Monday, January 10, 2011

This past weekend, three of my dearest agent friends and I packed up for Connecticut for a much needed Mother's Weekend away.  The trip had been planned for months, and we were determined that  nothing would stop to stop it from happening. Nope. Where there is a will to sleep, eat and drink when you want, there is a way! Despite a storm that left us with a foot of snow, husbands and mothers telling us it was a really bad idea to drive under such conditions, a highway closed down due to said storm and a car that  rattled the whole way on the back roads (yes, the ladies drove through a snow storm on a bald tire) we made it.  We really felt like pioneer women when we had to ditch the car at the end of the road and hike though said foot of snow to the house. But it was so worth it. By 10pm we were sitting fireside, enjoying our late night dinner of cheese and wine (cooking was too much effort) and laughing at how determined (or stupid) we were.

I wanted to share that little story because our determination reminded me a bit of what it's like to sell a book these days. You have to really want it and be ready for a lot of setbacks. People telling you are nuts, roadblocks, detours and well, you get my analogy.  Things don't always happen the way you expect them to, but with a little luck and a lot of hard work, it is worth the ride. With that in  mind, in the coming weeks, I am going to be doing author interviews on all aspects of writing and publishing.  Next week I will be interviewing Rae Meadows, author of the upcoming novel, Mothers and Daughters (Henry Holt, March 2011) on the inspiration behind her book, based in part on the Orphan Train Movement. 

5 comments:

  1. All good things are worth the hard road to get there. I hope you had a great weekend! Sounds lovely.

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  2. Okay, first the Mothers Weekend away is nothing short of a necessity! Sounds SO lovely (storm or not).

    Secondly, as a writer (and Agent) you just have to keep writing no matter what. The saying "where there is a will there is a way" isn't more truer. Publishing isn't an industry for those that are going to give up after one shot.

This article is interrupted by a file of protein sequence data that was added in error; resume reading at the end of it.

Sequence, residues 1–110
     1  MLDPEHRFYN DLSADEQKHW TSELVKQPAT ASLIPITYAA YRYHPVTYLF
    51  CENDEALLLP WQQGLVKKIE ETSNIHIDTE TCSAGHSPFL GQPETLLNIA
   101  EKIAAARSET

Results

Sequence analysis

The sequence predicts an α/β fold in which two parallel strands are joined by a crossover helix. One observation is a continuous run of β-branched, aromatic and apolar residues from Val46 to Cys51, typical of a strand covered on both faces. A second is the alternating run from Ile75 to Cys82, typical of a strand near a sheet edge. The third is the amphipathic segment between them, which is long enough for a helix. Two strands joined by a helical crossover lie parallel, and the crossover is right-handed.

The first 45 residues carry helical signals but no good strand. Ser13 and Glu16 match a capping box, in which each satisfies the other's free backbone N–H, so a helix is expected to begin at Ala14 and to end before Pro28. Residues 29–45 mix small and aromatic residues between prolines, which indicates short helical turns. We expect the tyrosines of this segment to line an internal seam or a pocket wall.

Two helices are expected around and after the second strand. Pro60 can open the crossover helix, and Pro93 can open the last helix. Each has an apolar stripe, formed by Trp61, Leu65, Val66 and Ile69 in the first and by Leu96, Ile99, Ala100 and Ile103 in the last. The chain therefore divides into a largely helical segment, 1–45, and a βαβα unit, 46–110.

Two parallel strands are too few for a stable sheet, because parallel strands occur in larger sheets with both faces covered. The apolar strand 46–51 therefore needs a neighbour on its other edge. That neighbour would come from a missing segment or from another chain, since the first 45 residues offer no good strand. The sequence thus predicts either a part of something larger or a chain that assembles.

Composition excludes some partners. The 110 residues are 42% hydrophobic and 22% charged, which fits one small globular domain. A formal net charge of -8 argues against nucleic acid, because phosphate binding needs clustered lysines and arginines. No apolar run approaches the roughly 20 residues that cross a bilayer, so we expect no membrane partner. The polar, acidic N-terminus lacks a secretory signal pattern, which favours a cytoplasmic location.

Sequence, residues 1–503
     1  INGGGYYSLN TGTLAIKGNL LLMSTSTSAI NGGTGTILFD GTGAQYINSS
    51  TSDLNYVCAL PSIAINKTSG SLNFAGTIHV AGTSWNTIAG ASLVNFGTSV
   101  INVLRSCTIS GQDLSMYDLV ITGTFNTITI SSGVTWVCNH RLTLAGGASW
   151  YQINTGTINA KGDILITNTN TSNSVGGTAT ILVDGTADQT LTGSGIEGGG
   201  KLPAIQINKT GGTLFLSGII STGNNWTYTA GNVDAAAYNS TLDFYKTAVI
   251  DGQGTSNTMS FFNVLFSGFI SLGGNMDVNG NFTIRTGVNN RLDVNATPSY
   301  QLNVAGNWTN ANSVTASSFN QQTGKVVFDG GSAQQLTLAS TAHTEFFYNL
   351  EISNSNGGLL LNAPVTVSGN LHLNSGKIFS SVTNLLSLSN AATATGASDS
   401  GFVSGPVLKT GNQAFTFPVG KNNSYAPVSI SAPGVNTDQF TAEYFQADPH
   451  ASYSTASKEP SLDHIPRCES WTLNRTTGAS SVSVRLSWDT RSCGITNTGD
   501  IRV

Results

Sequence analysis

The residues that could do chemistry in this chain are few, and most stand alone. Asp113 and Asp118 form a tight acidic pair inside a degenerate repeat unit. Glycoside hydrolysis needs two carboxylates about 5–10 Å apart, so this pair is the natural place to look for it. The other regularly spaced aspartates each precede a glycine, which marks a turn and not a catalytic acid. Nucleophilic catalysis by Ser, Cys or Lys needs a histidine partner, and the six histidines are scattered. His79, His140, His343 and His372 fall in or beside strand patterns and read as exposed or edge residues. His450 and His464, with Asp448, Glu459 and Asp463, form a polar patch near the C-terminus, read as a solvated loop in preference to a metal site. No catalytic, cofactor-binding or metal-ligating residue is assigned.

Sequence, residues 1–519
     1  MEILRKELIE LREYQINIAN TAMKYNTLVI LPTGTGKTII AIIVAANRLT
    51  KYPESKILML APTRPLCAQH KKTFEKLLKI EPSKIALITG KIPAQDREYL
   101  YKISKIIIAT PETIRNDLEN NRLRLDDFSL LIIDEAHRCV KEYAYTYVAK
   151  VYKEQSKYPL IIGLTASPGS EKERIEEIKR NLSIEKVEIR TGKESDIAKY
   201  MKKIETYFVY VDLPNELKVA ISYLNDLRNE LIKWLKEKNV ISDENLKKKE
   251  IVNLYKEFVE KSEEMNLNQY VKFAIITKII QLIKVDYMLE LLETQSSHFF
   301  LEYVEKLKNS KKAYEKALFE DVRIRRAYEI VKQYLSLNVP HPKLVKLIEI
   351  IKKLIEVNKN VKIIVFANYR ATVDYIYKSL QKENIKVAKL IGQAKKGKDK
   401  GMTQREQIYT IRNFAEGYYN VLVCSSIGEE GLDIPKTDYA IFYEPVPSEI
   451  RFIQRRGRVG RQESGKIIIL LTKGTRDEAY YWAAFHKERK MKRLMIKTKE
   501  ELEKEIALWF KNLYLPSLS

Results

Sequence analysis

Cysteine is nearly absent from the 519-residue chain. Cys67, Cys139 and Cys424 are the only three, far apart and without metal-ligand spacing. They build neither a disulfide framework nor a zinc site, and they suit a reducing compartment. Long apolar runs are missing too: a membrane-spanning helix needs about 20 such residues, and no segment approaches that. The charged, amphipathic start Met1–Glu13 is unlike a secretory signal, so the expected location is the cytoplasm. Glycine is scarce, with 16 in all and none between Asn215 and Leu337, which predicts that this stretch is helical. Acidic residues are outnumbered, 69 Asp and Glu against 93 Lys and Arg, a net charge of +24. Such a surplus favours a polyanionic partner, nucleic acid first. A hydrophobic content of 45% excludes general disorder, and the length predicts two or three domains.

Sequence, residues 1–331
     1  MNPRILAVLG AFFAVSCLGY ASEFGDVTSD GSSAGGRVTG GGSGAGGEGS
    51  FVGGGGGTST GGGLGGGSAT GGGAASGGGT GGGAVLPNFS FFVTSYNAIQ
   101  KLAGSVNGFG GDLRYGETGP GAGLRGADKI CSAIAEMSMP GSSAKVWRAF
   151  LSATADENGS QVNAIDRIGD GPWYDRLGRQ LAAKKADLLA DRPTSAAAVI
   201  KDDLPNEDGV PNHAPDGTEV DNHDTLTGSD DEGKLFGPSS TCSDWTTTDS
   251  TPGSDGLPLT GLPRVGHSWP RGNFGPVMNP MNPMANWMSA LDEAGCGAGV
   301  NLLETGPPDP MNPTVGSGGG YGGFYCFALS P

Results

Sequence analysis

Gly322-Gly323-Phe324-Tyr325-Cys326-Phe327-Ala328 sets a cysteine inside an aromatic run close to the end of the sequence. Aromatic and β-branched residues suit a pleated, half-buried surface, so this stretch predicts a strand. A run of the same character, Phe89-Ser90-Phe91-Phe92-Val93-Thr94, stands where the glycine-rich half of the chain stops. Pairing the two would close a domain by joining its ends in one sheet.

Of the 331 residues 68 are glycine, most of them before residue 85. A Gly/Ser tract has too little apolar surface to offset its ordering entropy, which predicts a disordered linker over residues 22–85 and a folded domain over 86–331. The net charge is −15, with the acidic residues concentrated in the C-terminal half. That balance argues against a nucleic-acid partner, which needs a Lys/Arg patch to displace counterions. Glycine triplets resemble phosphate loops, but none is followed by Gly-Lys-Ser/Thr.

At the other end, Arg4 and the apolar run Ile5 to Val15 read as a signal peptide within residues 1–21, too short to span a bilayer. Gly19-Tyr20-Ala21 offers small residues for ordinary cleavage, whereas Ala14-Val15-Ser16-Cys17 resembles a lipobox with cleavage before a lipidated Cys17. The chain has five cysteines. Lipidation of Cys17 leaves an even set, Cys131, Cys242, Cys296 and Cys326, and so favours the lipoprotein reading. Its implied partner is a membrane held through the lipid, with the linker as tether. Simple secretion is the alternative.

Glad you joined the blogsphere! ;-)

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  3. I know for me, as a writer, that the part in which writing and publishing is hard is what ends up making my writing good. Thank goodness no one wants to read your first draft! That hike through the snow (back and forth, carrying clothes, than going back to get the all-important cheese and wine) makes all the difference.

    www.farfromgruntled.blogspot.com

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  4. I reached your blog via Jennsylvania, one of my favorites!

    I'm commenting because, yes, writing takes a great deal of determination. I don't have any plans to write a book, but I do write a blog about my experiences with autoimmune disease, and I post every day. Mostly. Which also takes a great deal of determination, especially when my disease is really active.

    I love Jen -and your - sense of humor, probably because it's remarkably similar to mine. I hope that sense of humor is visible in my writing. I HATE sappy health blogs.

    Cheers - Julia
    http://reasonablywell-julia.blogspot.com

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  5. WOW! Glad you guys made it safely.

    Will you be sharing those interviews by chance?

    Also, I discovered your blog through Allison's and was wondering if you were still planning to take on some questions from aspiring writers about the whole agent/publishing world? If so how can we get those questions to you?

    ^.^

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